By Tamara Laine
NEW YORK — There is a hidden crisis in America.
It is happening in brownstones on tree-lined streets you may have walked down, at stores you might have shopped at and on online sites you have shared family memories on.
The crisis is human trafficking — people being forced into exploitation for profit — and the problem is prolific. It’s a humanitarian crisis Pope Francis has not been silent about.
Every day, it is estimated that hundreds of thousands of children, women and men are trafficked in the United States. And although the scope of the problem is global, the dark underbelly of the problem in America is often overlooked.
Working to shed light on this abuse are many advocates, who are raising their voices to fight misconceptions that they say prevents the country from fully embracing the gravity of what is modern-day slavery.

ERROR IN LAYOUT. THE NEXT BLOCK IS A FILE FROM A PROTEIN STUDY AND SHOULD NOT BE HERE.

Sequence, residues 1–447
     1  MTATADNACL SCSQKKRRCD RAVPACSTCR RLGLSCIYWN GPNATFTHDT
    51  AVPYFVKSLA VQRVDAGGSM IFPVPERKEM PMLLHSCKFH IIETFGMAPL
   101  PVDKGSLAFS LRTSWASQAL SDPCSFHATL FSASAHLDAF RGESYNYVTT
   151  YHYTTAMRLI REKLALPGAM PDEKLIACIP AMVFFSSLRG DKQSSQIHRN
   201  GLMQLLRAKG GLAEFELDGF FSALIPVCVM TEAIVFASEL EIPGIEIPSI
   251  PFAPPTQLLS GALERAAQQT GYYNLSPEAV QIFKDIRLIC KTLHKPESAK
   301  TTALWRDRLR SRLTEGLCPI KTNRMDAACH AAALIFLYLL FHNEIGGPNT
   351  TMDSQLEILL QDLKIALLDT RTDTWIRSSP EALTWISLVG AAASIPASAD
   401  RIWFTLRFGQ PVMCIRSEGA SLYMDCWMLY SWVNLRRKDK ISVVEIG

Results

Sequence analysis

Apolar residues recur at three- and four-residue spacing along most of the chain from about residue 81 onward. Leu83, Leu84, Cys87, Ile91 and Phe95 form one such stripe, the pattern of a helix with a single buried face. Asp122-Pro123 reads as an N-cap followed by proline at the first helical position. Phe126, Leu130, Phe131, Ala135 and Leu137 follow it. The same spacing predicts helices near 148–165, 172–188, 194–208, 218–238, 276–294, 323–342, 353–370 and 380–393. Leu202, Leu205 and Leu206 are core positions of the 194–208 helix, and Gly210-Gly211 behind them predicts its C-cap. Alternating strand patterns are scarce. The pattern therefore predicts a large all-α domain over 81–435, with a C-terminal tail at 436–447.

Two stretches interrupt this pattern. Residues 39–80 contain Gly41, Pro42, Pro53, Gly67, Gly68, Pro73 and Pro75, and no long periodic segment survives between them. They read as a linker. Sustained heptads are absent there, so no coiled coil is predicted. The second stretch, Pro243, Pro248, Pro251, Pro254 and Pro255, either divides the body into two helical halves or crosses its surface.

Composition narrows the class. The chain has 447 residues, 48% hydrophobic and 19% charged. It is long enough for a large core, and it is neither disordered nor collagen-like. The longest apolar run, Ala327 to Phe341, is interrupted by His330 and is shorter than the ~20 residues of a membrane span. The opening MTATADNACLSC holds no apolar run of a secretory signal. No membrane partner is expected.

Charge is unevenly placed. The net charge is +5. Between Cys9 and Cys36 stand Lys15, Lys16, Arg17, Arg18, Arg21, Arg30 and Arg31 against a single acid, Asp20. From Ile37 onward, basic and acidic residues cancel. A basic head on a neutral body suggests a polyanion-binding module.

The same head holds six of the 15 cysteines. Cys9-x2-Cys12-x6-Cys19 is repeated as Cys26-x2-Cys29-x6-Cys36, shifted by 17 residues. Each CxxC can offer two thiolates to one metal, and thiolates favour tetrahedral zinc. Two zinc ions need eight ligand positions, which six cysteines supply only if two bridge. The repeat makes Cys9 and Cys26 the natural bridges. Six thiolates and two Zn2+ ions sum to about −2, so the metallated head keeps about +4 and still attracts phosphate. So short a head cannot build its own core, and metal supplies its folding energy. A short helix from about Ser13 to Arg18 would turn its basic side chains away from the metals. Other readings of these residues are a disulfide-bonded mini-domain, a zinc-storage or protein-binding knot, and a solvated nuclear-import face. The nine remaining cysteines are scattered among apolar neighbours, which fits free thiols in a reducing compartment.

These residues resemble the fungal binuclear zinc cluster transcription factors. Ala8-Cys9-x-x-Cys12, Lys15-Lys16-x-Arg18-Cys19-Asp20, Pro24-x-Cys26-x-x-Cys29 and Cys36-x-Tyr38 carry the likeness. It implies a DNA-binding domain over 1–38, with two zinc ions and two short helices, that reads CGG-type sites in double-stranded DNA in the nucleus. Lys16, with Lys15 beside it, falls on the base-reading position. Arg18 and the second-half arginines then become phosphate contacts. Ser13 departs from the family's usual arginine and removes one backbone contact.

Memories in the Bronx
On a rainy night, Rachel Lloyd walks along a broken sidewalk in Hunts Point in the Bronx. The clicking of her heels on the pavement is the only sound filling the dark night air in the industry graveyard that was once a destination for sex trafficking.
“You’d think it was like 5 p.m. on the FDR,” Lloyd remembers. Pointing down the street, she says, “There would be cars just filled with men cruising round and round, looking to buy girls and women.”
Lloyd knows the trauma of human trafficking firsthand. She’s a survivor of sexual exploitation who broke free with the help of a church on a U.S. airbase in Germany. She is now the founder of Girls Education and Mentoring Services, and for the last 20 years, she has been sounding the alarm on the hidden world of sexual exploitation happening in the United States.
Lloyd explains what girls have endured.
“At night, save for a drunk or two, there is no one out here,” she says. She shakes her head as she recalls the violence the girls experienced and still experience.
“Out here no one is going to hear you scream,” she says.
“The girls went through terrible stuff out here.” More recently, she recalls, “one of my girls was attacked.”